Since studying Ian McEwan at University he has quickly become one on my favourite authors of all time and reading this book has made me love him (and also hate him) even more. This story is heartbreaking, and I truly mean heartbreaking as it had me experience different emotions from joy to sadness and frustration. Once again, McEwan has created a beautiful novel that explores the themes of love, war, guilt and forgiveness through its brilliant narrative and prose.
On a hot summer day in 1934, thirteen-year-old Briony Tallis witnesses a moment’s flirtation between her older sister, Cecilia, and Robbie Turner, the son of a servant and Cecilia’s childhood friend. But Briony’s incomplete grasp of adult motives—together with her precocious literary gifts—brings about a crime that will change all their lives. As it follows that crime’s repercussions through the chaos and carnage of World War II and into the close of the twentieth century, Atonement engages the reader on every conceivable level, with an ease and authority that mark it as a genuine masterpiece.
As always, McEwan excels at setting the scene. His description of a hot summer afternoon in a 1935 English country house is lush and sumptuous, his evocation of a young soldier’s struggle to reach home after the disastrous 1940 battle of Dunkirk is haunting, and his look into the horrors of a war-time London hospital is gruesome in all its detail. Amazingly, McEwan manages to find beauty even in the most horrific scenes, which is one of the things which set him apart as a writer.
As usual, though, it’s the psychological stuff that is really outstanding. McEwan has a knack for taking his readers deep into his characters’ minds, letting them share their most intimate, most uncomfortable thoughts and feelings. Sometimes these thoughts are a little disturbing (those of you who have read his earlier works will know what I mean), but usually, they have the effect of completely drawing the reader into the story. The latter is definitely the case in Atonement.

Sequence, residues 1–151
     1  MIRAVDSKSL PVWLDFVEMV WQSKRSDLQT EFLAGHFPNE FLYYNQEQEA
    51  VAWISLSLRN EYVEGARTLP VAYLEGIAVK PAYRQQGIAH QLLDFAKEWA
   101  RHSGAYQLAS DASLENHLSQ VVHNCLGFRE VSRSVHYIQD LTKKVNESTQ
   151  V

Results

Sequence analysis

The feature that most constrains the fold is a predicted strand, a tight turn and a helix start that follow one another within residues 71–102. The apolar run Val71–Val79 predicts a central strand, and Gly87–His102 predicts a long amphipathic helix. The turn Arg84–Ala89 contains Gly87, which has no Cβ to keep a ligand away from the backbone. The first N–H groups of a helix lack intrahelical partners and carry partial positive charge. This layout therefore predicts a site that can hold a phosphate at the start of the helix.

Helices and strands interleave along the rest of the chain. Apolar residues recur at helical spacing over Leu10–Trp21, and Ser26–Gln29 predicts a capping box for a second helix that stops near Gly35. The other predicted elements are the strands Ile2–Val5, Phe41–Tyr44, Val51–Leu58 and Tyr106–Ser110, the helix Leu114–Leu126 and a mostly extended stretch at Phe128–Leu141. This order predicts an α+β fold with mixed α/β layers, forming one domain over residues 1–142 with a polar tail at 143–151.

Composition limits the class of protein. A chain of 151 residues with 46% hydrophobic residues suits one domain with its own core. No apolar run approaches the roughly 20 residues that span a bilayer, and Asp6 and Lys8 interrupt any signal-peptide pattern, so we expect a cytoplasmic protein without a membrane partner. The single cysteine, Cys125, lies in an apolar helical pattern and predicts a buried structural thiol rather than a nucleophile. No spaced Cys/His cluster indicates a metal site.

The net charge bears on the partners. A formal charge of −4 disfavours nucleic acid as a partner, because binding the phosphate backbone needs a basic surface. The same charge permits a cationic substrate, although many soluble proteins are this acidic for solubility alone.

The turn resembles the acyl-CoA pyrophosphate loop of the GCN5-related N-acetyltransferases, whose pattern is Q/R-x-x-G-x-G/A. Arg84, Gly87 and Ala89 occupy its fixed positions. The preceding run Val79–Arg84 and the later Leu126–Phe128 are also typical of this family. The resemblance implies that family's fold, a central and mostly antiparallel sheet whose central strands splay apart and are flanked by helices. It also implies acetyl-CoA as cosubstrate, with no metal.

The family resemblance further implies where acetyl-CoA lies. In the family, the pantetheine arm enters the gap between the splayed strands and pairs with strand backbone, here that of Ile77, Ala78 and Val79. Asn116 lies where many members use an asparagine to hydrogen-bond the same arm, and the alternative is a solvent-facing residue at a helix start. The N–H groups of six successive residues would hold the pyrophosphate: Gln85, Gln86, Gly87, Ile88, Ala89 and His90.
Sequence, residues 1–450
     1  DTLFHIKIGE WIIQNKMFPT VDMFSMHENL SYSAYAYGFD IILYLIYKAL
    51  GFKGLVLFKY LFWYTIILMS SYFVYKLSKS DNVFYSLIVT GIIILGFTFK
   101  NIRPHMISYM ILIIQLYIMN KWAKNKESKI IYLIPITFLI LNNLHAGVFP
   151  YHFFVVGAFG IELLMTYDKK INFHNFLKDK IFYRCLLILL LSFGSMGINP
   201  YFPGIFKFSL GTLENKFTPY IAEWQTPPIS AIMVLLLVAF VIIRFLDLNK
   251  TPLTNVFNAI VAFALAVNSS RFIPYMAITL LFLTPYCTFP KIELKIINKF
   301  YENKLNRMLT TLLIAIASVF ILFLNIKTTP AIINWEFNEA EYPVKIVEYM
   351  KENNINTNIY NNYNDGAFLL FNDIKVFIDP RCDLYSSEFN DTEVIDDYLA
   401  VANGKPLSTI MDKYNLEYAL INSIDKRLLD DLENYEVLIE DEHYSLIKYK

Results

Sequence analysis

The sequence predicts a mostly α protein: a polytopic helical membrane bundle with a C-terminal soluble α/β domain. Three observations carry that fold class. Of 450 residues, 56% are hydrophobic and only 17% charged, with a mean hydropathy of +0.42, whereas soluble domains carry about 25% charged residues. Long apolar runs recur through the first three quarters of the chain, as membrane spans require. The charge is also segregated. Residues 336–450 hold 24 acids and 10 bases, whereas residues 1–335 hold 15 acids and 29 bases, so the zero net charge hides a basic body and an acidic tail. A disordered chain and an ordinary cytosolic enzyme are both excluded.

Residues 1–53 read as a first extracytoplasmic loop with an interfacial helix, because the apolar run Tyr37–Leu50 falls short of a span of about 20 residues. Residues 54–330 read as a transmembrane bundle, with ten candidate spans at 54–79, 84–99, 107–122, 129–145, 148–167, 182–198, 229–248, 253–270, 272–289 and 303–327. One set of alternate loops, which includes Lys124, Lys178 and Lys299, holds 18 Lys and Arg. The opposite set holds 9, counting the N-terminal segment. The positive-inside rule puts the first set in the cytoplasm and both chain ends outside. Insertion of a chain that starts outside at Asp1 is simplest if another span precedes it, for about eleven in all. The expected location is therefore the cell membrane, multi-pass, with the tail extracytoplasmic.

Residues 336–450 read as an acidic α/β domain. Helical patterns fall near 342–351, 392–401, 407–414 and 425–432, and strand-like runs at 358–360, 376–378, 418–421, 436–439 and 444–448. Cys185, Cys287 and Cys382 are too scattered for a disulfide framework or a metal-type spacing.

By presenting the story from different perspectives and vantage points, McEwan provides the reader with a complete and engrossing view of a life-changing event and its aftermath. All the different perspectives ring true, and together they tell a marvellous tale of perception, loyalty, anger, secrets, lost love, shame, guilt, obsession with the past. And about writing, for more than anything else, Atonement is about the difference between fiction and reality, the power of the imagination and the human urge to write and rewrite history.
The ending broke my heart. So much so that I’m still having trouble coming to grips with everything. Although being a McEwan novel I wasn’t expecting a happy ending but something happy would have been nice instead it left me in tears and struggling with all my emotions. However, it’s ending makes it more realistic as well as making the storyline and the fate of its characters so much more powerful and emotive.
I think it’s easy to guess for my review that I give this book 5/5 stars and it is one of those books that has found a spot on my all-time favourites list. Even if you don’t want to read the book then I recommend that you watch the film as Joe Wright successfully and beautifully adapts this tale for the big screen and the casting in my eyes is impeccable.